Do you ever pick up a book, excited to read it and it ends up being nothing like you thought it was going to be? Because that was my experience with Elizabeth Gilbert’s Big Magic. It wasn’t the concept itself that was confusing however, it was how she chose to describe and elaborate upon her ideas.
Summary: “Readers of all ages and walks of life have drawn inspiration and empowerment from Elizabeth Gilbert’s books for years. Now this beloved author digs deep into her own generative process to share her wisdom and unique perspective about creativity. With profound empathy and radiant generosity, she offers potent insights into the mysterious nature of inspiration. She asks us to embrace our curiosity and let go of needless suffering. She shows us how to tackle what we most love, and how to face down what we most fear. She discusses the attitudes, approaches, and habits we need in order to live our most creative lives. Balancing between soulful spirituality and cheerful pragmatism, Gilbert encourages us to uncover the “strange jewels” that are hidden within each of us. ” -Goodreads
Rating: 2.5 Stars
Why?: It sounds promising, right? Learning how to overcome the fear of rejection and stress in order to just live a plain and simple creative life? The only flaw is that the “how-to” factor isn’t explained, just enforced. She seems to be a very optimistic writer and woman, which isn’t bad, don’t get me wrong, but it isn’t something I find realistic enough to learn from or enjoy. I like to think of myself as a realist, and a realist tends to not think on a whim. We tend to look for steps or rules to how to achieve an outcome. Not that we aren’t hoping the outcome will be good, but we want a designated way to get there. The way she writes makes it seem that if you hope and pray enough you will achieve great things, but unfortunately that’s not how it works. It takes discipline, sweat and tears to accomplish things like writing a book, and if it doesn’t then you are a rare percentage of people. It may just be me but it makes it harder to enjoy a nonfiction book if you don’t believe in the fundamental belief of the author.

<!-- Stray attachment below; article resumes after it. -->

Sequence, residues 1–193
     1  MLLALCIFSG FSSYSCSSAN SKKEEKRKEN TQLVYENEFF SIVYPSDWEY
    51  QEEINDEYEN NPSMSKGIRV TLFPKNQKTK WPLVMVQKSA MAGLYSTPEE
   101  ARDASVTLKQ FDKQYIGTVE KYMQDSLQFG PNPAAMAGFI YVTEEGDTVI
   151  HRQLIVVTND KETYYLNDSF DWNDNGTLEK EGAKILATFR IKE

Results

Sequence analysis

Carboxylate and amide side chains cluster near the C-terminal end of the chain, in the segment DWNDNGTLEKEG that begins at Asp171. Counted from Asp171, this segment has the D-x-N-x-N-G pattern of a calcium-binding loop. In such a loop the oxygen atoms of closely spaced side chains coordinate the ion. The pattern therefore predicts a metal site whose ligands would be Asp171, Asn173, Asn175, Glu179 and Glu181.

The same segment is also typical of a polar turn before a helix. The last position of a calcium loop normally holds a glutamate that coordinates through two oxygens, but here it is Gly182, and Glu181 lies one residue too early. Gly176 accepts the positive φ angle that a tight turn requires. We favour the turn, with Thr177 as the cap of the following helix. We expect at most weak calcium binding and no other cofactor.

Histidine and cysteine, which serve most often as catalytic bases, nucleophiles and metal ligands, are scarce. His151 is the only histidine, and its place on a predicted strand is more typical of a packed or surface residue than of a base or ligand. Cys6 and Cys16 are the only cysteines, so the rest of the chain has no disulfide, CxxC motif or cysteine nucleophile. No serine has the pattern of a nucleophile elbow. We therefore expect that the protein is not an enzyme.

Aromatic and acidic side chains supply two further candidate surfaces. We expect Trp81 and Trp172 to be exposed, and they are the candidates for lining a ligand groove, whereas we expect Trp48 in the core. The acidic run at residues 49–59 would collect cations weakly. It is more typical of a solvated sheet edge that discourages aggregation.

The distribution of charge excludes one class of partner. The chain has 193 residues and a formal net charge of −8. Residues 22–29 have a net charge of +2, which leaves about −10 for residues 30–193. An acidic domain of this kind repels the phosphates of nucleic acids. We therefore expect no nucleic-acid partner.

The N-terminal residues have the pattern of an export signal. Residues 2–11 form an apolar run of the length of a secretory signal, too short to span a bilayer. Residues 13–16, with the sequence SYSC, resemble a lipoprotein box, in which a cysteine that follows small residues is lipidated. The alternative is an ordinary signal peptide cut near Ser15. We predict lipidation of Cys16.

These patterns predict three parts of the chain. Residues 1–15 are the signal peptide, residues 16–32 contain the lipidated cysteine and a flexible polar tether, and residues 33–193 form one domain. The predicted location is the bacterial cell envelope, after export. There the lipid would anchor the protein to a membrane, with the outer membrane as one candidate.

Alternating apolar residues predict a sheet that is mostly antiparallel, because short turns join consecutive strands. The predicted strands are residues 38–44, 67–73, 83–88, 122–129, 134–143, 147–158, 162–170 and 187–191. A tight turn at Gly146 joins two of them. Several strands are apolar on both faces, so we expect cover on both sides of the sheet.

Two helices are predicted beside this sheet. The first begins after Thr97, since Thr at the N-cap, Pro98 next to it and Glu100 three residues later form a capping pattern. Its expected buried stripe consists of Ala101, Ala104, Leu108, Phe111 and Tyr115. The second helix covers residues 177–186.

Secondly, one of the other major things I disliked had to do with her glazing over of hardships as an artist. There was a whole section about the idea of the “tormented artist”and how she believed that most people did it only to fit the image, and how it is completely possible to create all the same things out of the inspiration of happiness that can be created out the inspiration of life tragedies, mental illnesses etc. And unfortunately, that just isn’t true. Plenty of incredible things have come out of people riddled with torment, and it isn’t fair to make it seem like their suffering was for nothing, and that they could’ve simply fixed their lives by “getting along” with their fear and having a more positive outlook on life. That doesn’t have anything to do with it. Her blind optimism made the book hard to enjoy or take seriously for that matter, and for that reason I disliked it more than I thought I would.
It’s been a while since I’ve written a bad(ish) book review and while I feel partially like I’m just complaining a lot, it feels good to get off my chest after reading this book. Have any of you read Big Magic? Or have you read a book that made you feel the same way? Let me know down below!